Tags: obama | foreign | policy | israel

Andy McCarthy: Israel-Palestine Powder Keg Ready to Blow

By    |   Tuesday, 20 November 2012 04:10 PM

The potential for wider war in the Middle East has not loomed so large in at least 30 years, said one former US attorney who has prosecuted terrorists in the U.S., and what started as an Israeli-Palestinian skirmish last week is now a powder keg ready to blow.

Andy McCarthy, executive director of the Philadelphia Freedom Center and author of “Spring Fever: The Illusion of Islamic Democracy,” said in an exclusive interview with Newsmax TV that the Obama administration’s foreign policy has been a disaster, which can be seen in much of what is happening throughout the Middle East.

He said the complicated relations between Muslim countries and extremist groups means nobody can be sure what will happen, regardless of a ceasefire between Israel and the Hamas-controlled Palestinian government.

“Absolutely, it could escalate,” McCarthy said. “The complication right now is that a number of the Islamic countries in the region, who are opposed to Israel... Of course, you have a really serious problem in the Sinai, with the Egyptians, because under the new Muslim Brotherhood government, they do not accept the existence of Israel. Seventy-seven percent of Egyptians, in a recent poll, said that they want the Camp David Accords dissolved. You have a very powder-keg type situation in that border region that Israel hasn’t had to worry about for thirty years."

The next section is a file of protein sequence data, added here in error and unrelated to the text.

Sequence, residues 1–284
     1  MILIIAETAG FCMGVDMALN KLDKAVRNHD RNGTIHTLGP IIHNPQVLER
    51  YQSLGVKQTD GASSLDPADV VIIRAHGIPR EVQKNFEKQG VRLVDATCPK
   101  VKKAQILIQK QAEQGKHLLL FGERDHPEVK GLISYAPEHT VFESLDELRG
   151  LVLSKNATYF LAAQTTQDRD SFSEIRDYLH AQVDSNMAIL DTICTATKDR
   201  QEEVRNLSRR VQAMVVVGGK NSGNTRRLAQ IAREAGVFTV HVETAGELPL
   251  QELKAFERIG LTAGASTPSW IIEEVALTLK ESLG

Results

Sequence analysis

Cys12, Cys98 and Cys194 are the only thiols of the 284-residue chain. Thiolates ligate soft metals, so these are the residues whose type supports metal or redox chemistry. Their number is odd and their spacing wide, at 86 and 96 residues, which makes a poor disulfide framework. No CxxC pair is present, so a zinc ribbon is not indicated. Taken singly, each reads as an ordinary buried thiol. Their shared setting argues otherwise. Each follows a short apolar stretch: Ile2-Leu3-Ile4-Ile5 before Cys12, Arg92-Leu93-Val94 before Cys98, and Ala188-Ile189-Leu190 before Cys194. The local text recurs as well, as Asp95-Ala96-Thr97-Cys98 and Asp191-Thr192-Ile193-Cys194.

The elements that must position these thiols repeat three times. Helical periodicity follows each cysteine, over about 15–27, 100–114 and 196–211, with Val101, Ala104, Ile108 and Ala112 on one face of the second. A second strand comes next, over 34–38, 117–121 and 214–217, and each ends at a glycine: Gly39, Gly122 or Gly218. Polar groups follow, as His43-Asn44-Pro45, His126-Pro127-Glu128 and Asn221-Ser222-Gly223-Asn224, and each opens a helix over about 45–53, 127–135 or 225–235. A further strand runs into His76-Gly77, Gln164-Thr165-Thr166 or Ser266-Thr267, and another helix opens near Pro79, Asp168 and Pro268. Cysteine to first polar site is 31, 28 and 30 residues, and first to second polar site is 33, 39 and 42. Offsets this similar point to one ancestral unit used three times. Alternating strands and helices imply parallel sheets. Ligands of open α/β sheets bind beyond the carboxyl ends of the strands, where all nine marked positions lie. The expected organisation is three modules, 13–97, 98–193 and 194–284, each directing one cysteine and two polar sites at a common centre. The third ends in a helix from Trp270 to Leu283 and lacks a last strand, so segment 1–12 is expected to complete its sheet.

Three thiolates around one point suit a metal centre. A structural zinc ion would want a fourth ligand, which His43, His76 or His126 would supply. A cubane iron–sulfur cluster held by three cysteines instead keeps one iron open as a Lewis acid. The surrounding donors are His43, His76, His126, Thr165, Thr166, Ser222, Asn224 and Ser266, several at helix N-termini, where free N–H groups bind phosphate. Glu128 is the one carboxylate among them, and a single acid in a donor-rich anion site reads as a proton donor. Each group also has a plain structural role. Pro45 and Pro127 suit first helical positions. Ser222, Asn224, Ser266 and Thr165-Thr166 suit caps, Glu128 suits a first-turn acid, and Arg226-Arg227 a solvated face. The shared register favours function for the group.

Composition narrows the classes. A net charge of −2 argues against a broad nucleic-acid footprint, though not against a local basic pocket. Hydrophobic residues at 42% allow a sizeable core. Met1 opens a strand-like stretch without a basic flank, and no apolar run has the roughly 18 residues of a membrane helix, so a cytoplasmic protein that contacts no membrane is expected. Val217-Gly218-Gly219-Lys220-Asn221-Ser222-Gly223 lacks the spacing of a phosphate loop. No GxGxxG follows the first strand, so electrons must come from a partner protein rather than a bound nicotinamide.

McCarthy added that there are several variables in the situation because of complicated relationships between the countries that neighbor Israel. Assuming that Iran, or even Egypt, will pile on against Israel is not necessarily an automatic reaction.

“In Syria, you have Hezbollah, which hasn’t jumped into the Israeli conflict at this point [because] you have Hezbollah and Hamas on opposite sides,” McCarthy said. “The Syrian conflict has actually driven a wedge between Iran and Hamas. It’s complicated the relations between Iran and Al-Qaeda, [and] between Iran and the Muslim Brotherhood. I think at the moment it probably is the complications of Syria that have held up other Arab countries from jumping in to this.”

Part of the problem, he said, is that the Obama administration, as well as other governments, are trying to broker deals with totalitarian Islamists whose main goal is to eliminate Israel from existing.

Though he points to previous administrations as starting the problem, McCarthy said that not being clear who the U.S. supports in the region does not help to push peace in the right direction.

“I think we should be very clear about who our friends are in the world and who our enemies are,” he said. “Frankly, this is not just an Obama administration problem, this goes back a-ways, but I think the Obama administration has been worse on this. This whole concept is that we need to be an honest broker between totalitarian Islamists and our only real ally in the region, the only real democracy in the region, the democracy, in fact, where Muslims live with more freedom and more dignity than they live in any other place in the region. I don’t know why we need to be confused about whose side we are on when two sides conflict.”